McConnel’s Passing: An At Death Encounter? March 2, 2014

    Author: Beach Combing | in : Contemporary
    McConnel's Passing: An At Death Encounter?

    11 December 1918 was a sad day in the McConnel family. Eighteen-year-old David McConnel (aka M’Connel in some publications) had perished four days before in a plane crash: just three months after the end of the worst war in history, at a time when his family might reasonably have hoped that he would be safe. Flying from […]

    The Most Exciting School Trip in History: 21 June 1919 February 19, 2014

    Author: Beach Combing | in : Contemporary
    The Most Exciting School Trip in History: 21 June 1919

    School trips are often fairly maudlin affairs: go to a local zoo, don’t pet the lions; walk through a city park, buddy up as you pass the homeless people; polish the sun-washed floors of the local museum with fifty infant feet… But one school trip that any of us would have wanted to be on […]

    Interview: Invasion Scares (Harry Wood) February 15, 2014

    Author: Beach Combing | in : Contemporary, Modern
    Interview: Invasion Scares (Harry Wood)

    I am very happy today to be able to invite Harry Wood of the University of Liverpool, historian and blogger, to talk about his speciality, British invasion scares, something we looked at last month. Harry, thanks so much for joining us for this brief discussion. You run a very enjoyable blog, Island Mentalities, and you […]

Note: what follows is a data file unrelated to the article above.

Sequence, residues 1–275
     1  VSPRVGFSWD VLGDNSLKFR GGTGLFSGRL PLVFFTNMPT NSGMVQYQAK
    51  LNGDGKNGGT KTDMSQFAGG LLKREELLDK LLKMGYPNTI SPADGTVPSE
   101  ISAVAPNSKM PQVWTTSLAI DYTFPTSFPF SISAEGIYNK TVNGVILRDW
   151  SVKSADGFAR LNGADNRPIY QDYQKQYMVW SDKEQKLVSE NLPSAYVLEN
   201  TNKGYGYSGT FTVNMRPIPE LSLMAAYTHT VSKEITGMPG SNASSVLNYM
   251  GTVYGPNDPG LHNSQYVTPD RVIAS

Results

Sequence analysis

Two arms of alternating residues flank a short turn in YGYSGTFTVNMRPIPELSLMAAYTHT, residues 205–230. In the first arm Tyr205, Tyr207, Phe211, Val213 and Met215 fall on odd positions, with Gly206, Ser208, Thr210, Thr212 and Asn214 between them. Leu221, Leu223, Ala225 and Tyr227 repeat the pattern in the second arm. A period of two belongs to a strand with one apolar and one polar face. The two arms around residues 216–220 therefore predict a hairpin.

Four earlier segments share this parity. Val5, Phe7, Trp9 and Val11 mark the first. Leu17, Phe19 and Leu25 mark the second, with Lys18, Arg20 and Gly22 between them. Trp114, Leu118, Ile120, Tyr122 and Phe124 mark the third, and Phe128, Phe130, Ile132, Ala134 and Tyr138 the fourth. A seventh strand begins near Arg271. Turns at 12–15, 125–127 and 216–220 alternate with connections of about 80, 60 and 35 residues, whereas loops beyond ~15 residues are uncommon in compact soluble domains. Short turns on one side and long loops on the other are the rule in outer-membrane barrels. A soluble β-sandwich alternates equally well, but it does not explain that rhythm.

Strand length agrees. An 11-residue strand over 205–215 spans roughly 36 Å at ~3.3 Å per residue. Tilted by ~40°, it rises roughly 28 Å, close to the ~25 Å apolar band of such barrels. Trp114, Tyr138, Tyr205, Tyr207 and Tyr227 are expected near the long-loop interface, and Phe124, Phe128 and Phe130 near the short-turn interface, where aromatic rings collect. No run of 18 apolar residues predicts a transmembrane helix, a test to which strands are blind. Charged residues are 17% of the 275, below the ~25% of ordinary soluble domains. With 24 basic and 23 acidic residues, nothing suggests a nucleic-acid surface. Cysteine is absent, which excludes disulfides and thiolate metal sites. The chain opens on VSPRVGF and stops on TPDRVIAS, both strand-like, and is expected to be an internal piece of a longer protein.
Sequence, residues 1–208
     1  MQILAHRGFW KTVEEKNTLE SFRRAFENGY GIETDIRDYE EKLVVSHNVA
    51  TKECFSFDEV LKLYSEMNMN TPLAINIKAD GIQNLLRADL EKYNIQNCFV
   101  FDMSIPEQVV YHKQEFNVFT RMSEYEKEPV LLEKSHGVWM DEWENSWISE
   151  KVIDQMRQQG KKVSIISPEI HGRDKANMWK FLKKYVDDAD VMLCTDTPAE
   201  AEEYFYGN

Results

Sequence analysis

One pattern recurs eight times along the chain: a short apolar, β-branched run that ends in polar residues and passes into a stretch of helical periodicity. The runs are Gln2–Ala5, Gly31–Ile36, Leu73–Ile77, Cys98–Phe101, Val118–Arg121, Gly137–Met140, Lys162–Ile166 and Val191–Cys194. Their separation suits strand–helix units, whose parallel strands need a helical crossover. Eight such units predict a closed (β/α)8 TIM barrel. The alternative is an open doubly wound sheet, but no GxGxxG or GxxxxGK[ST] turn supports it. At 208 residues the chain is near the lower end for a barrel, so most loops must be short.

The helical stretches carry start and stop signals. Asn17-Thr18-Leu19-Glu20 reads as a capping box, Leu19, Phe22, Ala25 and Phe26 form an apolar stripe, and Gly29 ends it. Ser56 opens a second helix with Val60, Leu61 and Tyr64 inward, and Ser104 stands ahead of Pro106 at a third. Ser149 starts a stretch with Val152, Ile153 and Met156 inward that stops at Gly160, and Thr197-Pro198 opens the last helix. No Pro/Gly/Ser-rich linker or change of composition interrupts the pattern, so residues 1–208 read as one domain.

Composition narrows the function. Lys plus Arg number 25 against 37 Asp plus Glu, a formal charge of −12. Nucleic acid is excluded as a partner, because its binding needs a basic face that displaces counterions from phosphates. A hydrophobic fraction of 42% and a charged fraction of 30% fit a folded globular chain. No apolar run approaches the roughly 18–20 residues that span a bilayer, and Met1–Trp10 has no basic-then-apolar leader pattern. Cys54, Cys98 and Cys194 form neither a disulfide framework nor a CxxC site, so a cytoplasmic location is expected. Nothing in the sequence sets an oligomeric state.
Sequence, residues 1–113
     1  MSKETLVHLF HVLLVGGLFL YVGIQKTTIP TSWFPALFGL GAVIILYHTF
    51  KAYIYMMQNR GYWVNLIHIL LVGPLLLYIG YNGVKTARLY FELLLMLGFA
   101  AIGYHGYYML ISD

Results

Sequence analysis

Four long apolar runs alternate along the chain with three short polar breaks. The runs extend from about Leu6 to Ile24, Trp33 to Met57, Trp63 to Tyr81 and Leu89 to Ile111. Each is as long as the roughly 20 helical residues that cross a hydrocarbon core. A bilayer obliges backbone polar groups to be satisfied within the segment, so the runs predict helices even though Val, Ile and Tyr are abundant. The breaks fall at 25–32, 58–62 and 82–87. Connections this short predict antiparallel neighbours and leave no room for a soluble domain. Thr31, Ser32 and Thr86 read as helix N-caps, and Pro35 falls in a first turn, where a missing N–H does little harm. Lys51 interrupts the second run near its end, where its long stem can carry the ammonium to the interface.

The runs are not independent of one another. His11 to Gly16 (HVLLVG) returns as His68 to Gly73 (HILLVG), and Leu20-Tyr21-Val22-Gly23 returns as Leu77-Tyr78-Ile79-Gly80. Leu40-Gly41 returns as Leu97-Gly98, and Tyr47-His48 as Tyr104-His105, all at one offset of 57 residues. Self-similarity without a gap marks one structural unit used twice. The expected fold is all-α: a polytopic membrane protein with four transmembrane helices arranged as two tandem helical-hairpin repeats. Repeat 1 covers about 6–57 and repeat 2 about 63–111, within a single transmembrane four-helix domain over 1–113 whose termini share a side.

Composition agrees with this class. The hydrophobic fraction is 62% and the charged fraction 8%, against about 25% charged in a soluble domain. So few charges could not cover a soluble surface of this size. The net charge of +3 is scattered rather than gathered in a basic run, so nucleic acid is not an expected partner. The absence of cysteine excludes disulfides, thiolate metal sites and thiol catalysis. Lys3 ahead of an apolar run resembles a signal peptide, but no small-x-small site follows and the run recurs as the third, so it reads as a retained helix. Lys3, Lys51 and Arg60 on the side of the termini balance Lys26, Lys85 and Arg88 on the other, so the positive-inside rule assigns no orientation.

Starting the First World War Early: The Three Virgins February 8, 2014

    Author: Beach Combing | in : Contemporary
    Starting the First World War Early: The Three Virgins

    Two years ago Strange History ran a post on the German who accidentally started WW2 five days too early by invading Poland with something resembling a Third Reich version of the A-Team. However, I’ve recently come across a story about the German who accidentally started WW1 a day early. The German in question was one […]